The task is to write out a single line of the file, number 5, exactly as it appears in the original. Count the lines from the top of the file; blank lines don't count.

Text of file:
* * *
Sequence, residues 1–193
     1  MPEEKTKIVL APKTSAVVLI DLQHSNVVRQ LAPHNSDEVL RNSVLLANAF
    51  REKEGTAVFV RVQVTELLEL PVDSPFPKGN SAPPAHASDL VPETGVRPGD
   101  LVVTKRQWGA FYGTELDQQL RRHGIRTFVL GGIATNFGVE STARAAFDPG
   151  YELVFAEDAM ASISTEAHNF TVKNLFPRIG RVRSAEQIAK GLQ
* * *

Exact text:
   151  YELVFAEDAM ASISTEAHNF TVKNLFPRIG RVRSAEQIAK GLQ